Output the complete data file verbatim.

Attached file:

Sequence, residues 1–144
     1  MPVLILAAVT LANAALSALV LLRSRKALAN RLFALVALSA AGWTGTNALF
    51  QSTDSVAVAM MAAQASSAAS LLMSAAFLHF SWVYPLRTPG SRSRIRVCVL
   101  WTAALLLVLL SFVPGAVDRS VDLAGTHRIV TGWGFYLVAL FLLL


Sequence, residues 1–144
     1  MPVLILAAVT LANAALSALV LLRSRKALAN RLFALVALSA AGWTGTNALF
    51  QSTDSVAVAM MAAQASSAAS LLMSAAFLHF SWVYPLRTPG SRSRIRVCVL
   101  WTAALLLVLL SFVPGAVDRS VDLAGTHRIV TGWGFYLVAL FLLL